I'm not sure why Panasonic didn't spend an extra couple of bucks to allow the system to actually communicate with both cellphones at the same time, it would make this feature a whole lot more useful. As it is, I treat it as being limited to doing only 1 cellphone.
The phone will also use a Bluetooth headset, but if you do that, it can't handle a cellphone call either. It just can do one Bluetooth device at a time, period, so if you want to use it with a cellphone, you might as well consider it as not having Bluetooth headset capability at all. Fortunately, all the handsets have a headphone jack, so you can just buy a wired headset and plug it into a handset, accomplishing the same goal with just a little more wiring bother.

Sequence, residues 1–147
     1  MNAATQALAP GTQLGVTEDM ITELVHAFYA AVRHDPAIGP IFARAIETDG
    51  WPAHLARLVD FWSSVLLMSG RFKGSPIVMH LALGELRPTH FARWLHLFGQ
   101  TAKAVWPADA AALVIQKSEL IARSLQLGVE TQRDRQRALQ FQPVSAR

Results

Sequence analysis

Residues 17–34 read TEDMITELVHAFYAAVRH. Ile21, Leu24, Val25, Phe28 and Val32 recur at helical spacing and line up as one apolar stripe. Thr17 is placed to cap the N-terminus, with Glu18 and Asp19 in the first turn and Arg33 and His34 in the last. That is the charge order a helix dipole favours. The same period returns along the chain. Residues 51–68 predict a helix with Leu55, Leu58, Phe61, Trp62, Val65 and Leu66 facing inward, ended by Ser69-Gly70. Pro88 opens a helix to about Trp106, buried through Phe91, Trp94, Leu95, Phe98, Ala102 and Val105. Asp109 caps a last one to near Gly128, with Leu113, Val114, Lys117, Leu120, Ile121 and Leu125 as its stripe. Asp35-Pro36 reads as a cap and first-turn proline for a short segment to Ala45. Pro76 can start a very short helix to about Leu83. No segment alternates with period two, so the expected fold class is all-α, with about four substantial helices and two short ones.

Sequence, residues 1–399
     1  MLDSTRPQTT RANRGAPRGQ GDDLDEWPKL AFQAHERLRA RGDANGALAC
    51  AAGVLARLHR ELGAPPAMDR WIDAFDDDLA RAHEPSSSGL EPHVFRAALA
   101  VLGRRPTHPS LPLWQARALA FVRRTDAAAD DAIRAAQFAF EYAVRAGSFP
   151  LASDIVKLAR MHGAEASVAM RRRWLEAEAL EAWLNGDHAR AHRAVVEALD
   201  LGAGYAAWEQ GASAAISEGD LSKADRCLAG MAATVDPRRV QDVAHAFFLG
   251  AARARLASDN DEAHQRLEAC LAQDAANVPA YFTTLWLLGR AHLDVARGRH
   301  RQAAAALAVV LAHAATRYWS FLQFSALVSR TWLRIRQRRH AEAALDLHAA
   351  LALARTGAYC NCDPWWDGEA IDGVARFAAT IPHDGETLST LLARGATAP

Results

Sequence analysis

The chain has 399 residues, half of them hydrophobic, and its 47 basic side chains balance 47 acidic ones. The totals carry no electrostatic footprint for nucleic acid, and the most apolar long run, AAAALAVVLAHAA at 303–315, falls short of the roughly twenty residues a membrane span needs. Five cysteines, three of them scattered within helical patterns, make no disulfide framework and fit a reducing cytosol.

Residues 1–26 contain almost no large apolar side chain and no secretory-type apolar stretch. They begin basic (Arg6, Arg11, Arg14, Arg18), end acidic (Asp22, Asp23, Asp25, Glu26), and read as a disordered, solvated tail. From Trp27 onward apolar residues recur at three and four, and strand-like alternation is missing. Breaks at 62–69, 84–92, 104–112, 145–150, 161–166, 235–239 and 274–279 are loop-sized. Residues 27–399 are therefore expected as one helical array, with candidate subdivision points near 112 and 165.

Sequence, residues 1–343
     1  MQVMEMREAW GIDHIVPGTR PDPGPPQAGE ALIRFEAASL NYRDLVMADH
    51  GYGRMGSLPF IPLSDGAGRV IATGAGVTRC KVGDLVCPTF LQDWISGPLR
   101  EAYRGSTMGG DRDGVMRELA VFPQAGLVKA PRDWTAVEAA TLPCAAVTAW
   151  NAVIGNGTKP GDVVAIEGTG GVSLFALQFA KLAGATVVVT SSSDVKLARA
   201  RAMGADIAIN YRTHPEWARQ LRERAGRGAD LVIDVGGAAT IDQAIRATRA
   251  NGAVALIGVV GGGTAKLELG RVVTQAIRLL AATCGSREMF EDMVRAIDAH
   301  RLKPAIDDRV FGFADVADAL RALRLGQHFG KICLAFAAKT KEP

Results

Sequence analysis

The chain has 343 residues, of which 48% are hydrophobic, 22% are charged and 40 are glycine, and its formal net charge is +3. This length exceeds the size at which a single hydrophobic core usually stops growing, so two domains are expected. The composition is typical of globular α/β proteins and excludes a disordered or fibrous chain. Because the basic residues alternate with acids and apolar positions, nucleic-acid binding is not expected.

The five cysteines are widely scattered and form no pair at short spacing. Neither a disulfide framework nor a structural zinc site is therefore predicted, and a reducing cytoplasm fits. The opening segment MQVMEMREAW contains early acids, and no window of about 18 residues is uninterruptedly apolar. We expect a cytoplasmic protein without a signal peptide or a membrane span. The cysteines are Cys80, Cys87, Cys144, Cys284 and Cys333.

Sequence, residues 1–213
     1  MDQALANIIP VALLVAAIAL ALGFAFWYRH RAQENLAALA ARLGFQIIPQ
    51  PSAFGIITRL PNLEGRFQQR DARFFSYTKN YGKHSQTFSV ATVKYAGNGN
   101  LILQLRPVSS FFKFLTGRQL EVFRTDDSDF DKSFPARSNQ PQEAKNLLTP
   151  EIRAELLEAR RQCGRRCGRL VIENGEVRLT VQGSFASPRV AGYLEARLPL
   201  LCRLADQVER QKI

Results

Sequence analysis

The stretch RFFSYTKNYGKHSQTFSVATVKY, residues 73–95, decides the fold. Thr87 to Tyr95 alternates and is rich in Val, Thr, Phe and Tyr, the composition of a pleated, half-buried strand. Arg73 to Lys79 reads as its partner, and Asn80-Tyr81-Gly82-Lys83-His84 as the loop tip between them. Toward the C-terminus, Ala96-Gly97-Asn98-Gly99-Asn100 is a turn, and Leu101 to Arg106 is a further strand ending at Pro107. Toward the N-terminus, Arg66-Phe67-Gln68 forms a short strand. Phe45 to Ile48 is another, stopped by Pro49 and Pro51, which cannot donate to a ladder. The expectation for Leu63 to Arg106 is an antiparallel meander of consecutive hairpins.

Talking Caller ID is a dream feature; it really does read the name of the person calling. It can also download your address book from your cellphone and read those names instead, again a super useful call-screening feature. This is a good thing, because the Panasonic KX-TG7645M only has a handful of totally generic and similar-sounding ringtones with no capability of adding more, so while you can assign ringtones to specific people, it won't be much help because there's not enough variety. Oddly, when the handsets ring for a cellphone call, they play whatever ringtone you have set on your cellphone. So the system does have more capabilities here than Panasonic has provided an interface for.